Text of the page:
Moses thought this was a great idea and followed every word. Then he sent his father-in-law back home.

In the third month since the Israelites left Egypt, they arrived in the Sinai desert, where they set up camp next to The Mountain. Moses went up to the mountain, where God appeared to him, saying, “You all have all seen what I did to Egypt, as I brought you to me on wings of eagles. Now, if you listen to what I have to say and follow my covenant, you will be my favorite nation on earth, a nation of priests, a holy nation.”

Moses presented this to the Israelites, who unanimously said that they would do everything God said. Moses conveyed this to God, who continued:

“Here’s the plan: I will appear to you in a thick cloud, so that they will listen to me and believe in you. Go tell the people to wash their clothes and get themselves ready for the third day, because that’s when I will descend on Mount Sinai in full view of everyone. Set up blockades around the mountain, and tell everyone that whoever touches it will be killed.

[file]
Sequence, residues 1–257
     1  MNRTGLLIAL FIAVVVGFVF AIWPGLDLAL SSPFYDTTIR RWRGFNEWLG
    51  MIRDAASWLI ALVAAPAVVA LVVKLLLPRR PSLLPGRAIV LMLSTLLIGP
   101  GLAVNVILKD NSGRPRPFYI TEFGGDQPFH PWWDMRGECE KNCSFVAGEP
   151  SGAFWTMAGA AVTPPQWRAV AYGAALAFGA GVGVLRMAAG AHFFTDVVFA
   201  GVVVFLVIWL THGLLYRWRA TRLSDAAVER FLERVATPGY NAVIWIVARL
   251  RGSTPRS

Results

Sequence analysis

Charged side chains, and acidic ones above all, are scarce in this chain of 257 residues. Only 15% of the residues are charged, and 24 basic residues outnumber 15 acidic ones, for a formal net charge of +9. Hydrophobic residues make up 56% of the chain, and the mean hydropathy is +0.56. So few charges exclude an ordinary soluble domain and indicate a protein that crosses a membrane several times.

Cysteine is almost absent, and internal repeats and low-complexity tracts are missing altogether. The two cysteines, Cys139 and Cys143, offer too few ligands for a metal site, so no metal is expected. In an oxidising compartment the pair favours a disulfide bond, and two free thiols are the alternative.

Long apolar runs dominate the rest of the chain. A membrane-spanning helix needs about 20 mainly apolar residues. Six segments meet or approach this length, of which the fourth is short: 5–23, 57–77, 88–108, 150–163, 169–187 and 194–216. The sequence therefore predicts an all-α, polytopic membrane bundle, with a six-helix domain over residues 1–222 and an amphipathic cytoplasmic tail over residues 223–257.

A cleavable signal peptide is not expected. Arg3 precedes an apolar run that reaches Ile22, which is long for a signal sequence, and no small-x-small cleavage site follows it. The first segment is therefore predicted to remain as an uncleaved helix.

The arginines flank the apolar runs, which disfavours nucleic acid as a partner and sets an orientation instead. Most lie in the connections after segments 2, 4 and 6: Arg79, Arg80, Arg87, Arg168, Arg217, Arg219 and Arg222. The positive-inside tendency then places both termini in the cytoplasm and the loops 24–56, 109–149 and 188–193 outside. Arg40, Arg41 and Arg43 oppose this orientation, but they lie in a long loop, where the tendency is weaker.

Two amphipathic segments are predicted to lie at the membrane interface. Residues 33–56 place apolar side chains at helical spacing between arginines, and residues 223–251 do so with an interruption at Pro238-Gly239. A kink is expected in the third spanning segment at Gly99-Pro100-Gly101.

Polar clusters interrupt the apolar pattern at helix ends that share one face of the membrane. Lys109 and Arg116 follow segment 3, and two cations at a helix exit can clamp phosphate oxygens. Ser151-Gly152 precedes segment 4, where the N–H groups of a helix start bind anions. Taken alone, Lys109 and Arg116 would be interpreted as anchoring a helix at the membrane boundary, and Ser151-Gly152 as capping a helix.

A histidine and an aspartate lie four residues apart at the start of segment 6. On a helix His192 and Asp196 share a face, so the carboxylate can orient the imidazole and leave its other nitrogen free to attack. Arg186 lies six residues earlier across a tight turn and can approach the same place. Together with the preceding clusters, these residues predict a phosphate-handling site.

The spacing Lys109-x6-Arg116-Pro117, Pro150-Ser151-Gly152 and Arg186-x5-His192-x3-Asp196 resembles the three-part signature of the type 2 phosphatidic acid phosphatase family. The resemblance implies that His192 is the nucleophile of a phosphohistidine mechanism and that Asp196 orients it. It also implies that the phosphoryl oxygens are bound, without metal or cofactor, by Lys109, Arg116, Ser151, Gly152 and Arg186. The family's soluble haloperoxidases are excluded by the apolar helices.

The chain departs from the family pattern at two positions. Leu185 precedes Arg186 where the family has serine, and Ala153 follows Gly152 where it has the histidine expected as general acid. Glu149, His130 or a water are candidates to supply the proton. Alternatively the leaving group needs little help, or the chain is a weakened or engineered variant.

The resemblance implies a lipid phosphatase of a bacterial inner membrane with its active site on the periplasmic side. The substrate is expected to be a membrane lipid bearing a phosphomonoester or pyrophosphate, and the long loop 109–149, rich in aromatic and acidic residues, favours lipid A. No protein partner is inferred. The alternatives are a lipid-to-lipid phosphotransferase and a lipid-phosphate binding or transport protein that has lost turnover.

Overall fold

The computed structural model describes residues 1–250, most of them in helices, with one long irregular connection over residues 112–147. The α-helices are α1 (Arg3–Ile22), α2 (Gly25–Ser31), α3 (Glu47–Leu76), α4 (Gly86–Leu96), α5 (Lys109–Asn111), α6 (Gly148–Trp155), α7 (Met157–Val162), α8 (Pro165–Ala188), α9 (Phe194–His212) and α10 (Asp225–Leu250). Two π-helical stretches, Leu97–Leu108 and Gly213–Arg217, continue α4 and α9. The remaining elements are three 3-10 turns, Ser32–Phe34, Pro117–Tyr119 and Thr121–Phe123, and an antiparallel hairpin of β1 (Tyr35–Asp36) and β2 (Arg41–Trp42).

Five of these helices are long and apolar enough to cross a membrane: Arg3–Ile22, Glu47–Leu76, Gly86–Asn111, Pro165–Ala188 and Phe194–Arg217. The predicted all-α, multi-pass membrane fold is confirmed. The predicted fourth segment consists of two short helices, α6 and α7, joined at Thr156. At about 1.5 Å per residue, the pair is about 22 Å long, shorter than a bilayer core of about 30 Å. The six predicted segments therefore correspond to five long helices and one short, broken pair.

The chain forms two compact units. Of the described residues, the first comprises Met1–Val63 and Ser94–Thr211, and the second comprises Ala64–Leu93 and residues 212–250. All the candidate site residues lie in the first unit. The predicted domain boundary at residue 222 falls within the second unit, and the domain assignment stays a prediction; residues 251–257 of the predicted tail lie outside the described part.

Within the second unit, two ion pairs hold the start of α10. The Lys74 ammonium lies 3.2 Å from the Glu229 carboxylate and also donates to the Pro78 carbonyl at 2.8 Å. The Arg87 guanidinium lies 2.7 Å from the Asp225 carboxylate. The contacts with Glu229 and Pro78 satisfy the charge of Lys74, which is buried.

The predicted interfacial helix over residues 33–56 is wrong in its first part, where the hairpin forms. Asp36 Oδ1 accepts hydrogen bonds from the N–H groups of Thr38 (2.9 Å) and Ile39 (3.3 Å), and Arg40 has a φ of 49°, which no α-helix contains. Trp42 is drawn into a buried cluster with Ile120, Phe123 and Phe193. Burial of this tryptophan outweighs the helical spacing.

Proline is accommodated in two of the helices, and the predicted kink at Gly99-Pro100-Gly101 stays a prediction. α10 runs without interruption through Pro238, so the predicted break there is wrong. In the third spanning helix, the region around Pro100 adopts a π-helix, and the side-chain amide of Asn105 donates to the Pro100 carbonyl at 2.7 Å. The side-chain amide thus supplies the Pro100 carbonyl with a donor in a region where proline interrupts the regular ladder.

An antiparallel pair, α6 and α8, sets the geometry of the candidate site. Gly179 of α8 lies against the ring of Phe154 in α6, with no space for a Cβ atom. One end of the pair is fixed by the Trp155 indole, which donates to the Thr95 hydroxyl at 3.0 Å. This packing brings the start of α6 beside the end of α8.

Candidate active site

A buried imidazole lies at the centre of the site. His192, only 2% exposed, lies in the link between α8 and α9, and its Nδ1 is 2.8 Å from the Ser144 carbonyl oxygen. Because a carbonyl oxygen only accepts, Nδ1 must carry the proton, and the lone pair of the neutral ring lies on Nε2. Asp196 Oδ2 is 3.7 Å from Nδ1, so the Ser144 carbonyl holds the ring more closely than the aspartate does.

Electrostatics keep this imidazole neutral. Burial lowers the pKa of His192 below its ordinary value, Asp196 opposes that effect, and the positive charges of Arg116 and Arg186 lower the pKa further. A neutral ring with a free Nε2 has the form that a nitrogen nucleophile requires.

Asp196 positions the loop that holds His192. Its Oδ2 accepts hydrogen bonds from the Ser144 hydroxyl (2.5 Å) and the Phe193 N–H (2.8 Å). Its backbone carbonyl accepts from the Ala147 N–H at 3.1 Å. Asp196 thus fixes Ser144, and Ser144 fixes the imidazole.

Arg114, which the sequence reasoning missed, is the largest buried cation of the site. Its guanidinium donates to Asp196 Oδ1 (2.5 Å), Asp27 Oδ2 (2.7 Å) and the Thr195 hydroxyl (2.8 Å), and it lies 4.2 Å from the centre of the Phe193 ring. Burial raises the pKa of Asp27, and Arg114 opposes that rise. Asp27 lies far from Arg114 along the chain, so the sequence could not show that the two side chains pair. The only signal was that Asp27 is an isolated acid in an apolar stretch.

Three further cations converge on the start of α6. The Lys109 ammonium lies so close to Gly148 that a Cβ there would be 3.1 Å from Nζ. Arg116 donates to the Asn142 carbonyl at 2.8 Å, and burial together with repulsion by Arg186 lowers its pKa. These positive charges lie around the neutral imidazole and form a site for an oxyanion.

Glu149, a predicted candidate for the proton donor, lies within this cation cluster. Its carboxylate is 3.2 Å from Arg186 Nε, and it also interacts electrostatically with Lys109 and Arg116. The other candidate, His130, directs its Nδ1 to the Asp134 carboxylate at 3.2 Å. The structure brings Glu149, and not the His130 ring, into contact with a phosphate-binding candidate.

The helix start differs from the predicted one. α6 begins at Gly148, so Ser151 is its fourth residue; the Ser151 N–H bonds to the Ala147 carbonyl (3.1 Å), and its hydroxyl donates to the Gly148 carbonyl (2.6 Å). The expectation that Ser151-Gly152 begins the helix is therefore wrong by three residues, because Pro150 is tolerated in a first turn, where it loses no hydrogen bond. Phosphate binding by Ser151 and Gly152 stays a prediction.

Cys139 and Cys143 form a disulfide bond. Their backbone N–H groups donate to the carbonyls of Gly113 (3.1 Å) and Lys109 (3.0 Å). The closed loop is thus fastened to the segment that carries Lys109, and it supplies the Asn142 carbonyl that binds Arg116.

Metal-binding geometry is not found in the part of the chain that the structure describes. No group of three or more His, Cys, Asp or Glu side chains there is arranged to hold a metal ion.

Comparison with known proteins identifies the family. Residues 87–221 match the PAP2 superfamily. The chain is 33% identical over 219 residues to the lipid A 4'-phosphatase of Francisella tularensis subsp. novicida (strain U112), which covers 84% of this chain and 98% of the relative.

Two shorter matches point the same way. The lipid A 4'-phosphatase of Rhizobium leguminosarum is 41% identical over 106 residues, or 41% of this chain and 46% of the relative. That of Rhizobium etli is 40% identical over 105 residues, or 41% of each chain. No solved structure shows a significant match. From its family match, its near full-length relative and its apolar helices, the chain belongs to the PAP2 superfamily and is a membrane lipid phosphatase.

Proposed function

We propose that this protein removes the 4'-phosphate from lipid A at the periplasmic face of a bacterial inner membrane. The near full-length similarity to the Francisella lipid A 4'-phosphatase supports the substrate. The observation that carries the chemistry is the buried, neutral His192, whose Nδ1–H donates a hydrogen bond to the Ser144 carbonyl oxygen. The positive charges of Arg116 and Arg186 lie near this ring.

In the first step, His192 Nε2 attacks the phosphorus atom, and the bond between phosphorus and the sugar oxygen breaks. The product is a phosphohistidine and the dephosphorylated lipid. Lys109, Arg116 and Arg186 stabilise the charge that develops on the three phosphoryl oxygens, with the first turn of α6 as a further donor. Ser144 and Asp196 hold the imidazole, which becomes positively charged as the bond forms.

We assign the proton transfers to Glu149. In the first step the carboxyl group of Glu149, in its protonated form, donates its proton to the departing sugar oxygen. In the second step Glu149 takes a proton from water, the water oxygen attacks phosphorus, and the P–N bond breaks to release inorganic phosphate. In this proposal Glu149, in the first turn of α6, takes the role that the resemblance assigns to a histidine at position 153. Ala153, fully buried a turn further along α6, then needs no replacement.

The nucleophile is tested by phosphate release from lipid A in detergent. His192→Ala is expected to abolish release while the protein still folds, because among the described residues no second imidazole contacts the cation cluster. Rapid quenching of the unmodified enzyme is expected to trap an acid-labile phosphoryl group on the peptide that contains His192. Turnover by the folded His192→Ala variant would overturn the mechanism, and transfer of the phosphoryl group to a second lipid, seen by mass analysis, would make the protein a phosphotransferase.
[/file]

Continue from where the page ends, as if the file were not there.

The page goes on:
Moses passed this on as well, and the Israelites got themselves ready.

On the morning of the third day, there was thunder and lightning, with a thick cloud on the mountain and a strong shofar blast, and the people trembled. But Moses got the people out of camp, and set everyone up at the base of the mountain.

Meanwhile, Mount Sinai was full of smoke, since God had descended on it with fire. In fact, the entire mountain itself was shaking. And the shofar sound grew louder, as Moses spoke and God answered him audibly.

So God came down to Mount Sinai, where he called Moses up to the mountaintop. He told Moses to go back down and remind the people to keep their distance, even the priests. Moses replied that the people can’t go up, since they cordoned the whole thing off. But God insisted, and so Moses went back down and told them.

Then God spoke all these things, as follows: